Aidan O’Brien: Fundamental Dishonesty & Substantial Injustice

Published: 16/02/2018 | News

Following the recent decisions of Howlett v Davies and Ageas Insurance Ltd [2017] EWCA Civ 1696 and LOCOG v Sinfield [2018] EWHC 51 (QB), the High Court has further considered the application of ‘fundamental dishonesty’ in the case of Razumas v Ministry of Justice [2018] EWHC 215 (QB).

Razumas involved a clinical negligence claim, made by a prisoner against the MoJ, wherein it was alleged that there had been a negligent failure to diagnose cancer resulting in an above knee amputation. During the trial, the Court heard that the prisoner had lied about seeking treatment and that he had sought to base one of his allegations of negligence on this false assertion.

The Criminal Justice and Courts Act 2015, Section 57 (applying to all PI claims issued after 13 April 2015), dictates that where a claimant is entitled to damages, the entirety of his claim must be dismissed if he is found to have been fundamentally dishonest in respect of the primary or related claim, save where he would suffer substantial injustice if it were dismissed.

In Razumas, Mrs Justice Cockerill was asked to consider the issue of fundamental dishonesty and the application of Section 57.  On the balance of probabilities, it was determined that the Claimant had been fundamentally dishonest, given that his ‘…dishonesty went to one route to succeed on it in full’.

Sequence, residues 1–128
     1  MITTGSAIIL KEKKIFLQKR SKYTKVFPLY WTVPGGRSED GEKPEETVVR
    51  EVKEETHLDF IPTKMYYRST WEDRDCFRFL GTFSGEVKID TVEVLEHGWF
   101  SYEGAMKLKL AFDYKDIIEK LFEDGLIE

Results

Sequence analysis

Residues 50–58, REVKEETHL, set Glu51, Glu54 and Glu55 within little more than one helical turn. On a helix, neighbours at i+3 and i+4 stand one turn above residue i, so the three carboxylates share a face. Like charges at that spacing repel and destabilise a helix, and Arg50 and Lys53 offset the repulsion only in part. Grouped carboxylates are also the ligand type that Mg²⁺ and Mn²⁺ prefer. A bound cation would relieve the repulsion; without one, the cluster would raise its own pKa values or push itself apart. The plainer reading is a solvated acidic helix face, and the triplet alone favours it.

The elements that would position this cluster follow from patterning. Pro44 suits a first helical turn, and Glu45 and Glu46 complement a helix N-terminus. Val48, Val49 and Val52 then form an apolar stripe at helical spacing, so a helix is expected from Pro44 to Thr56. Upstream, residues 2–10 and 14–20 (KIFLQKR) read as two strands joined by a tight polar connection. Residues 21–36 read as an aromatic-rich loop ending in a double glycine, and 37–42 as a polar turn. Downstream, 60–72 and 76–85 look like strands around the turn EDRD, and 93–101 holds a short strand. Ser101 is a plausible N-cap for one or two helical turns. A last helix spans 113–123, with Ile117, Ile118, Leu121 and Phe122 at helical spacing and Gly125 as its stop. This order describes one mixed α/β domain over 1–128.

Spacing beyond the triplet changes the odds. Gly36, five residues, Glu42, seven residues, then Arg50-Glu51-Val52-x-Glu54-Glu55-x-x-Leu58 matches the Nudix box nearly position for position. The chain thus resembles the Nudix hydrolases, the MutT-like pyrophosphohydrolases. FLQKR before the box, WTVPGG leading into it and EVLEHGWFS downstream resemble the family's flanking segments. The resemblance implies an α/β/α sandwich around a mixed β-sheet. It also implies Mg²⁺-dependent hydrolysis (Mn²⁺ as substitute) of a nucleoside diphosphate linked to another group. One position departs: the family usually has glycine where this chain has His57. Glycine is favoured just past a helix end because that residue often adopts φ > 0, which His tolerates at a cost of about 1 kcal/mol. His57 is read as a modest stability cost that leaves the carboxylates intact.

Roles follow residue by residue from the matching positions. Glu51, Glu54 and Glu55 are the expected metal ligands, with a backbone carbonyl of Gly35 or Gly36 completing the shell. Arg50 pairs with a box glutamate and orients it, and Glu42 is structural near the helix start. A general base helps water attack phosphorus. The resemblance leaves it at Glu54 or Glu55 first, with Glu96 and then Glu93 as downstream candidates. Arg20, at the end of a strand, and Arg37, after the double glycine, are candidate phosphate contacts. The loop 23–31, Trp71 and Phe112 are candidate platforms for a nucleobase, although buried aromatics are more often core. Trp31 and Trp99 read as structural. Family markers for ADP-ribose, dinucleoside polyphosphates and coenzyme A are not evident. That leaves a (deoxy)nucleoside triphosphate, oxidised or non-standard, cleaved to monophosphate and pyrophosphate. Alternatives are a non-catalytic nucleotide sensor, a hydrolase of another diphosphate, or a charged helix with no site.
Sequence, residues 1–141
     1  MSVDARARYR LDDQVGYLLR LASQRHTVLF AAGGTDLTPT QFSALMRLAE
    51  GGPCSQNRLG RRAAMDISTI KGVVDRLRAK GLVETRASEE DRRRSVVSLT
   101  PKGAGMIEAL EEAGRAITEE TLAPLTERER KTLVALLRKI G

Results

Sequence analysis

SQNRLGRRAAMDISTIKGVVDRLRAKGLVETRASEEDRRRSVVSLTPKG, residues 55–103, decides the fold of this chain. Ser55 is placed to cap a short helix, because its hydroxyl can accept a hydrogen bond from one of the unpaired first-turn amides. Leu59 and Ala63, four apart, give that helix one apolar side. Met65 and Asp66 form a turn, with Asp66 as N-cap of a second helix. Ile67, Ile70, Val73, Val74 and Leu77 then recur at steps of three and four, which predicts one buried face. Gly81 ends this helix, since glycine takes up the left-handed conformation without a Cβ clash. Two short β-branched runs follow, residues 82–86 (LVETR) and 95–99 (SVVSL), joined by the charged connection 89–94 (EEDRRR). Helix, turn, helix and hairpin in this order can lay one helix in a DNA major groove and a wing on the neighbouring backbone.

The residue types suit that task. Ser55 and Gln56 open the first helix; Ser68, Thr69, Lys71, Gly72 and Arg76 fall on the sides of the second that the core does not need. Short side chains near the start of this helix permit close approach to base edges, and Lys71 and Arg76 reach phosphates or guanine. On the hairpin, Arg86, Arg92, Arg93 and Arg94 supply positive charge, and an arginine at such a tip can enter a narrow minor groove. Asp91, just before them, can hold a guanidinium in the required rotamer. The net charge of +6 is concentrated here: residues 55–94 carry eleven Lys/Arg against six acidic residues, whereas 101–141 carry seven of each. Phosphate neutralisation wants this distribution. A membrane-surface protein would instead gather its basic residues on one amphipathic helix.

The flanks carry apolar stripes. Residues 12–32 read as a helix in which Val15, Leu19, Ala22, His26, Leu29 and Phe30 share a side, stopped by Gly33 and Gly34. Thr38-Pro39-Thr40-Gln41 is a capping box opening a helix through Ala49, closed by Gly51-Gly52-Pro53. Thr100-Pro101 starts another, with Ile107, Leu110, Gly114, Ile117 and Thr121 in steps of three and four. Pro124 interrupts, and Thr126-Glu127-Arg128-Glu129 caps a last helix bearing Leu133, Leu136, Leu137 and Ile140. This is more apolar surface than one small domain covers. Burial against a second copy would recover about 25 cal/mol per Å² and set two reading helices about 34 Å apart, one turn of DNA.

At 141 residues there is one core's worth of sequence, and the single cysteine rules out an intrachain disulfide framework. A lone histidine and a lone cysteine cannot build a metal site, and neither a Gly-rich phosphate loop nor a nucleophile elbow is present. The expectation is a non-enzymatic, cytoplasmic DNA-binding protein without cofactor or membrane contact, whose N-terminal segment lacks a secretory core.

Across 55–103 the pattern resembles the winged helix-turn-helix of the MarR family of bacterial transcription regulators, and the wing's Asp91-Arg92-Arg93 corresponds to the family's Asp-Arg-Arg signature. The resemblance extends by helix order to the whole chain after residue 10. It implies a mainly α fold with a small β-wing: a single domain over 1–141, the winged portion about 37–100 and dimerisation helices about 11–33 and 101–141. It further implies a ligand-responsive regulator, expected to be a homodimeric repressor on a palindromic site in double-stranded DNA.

In considering whether the Claimant would suffer substantial injustice if the entirety of his claim were dismissed, it was determined that ‘…something more’ was required than the mere loss of damages to which the claimant is entitled to establish substantial injustice.

Practice Points:

  • Section 57 only applies where a claimant has an entitlement to damages – it follows that if liability is not admitted – or the claimant loses at trial – then a defendant cannot seek an order under this section.
  • For an order to be made under section 57, a finding of fundamental dishonesty must be made. In common with the QOCs provisions under CPR 44.16, the Balance of Probabilities Standard applies.
  • If fundamental dishonesty is established then the whole of the claim may be dismissed.
  • When considering what constitutes ‘fundamental dishonesty’, the Court of Appeal decision of Howlett v Davies and Ageas Insurance Ltd (endorsing HHJ Maloney’s definition in Gosling v Hailo) applies.
  • The Court retains a residual discretion under this section to permit the claim if dismissal would cause ‘substantial injustice’ to the claimant.
  • Something more is required than the mere loss of damages to which the claimant is entitled to establish substantial injustice.
  • When a Court dismisses a claim under this section, it is still obliged to record the amount of damages that would have been awarded but for the strike out.  That sum is then deducted from any costs order made in favour of the Defendant.

Aidan O’Brien is a member of Farrar’s Building Clinical Negligence, Personal Injury & Fraud Teams and accepts instructions from both Claimants and Defendants. Aidan frequently delivers training, seminars and workshops upon request. Any such request should be made to the Farrar’s Building Clerking Team on +44 (0)20 7583 9241 or by email at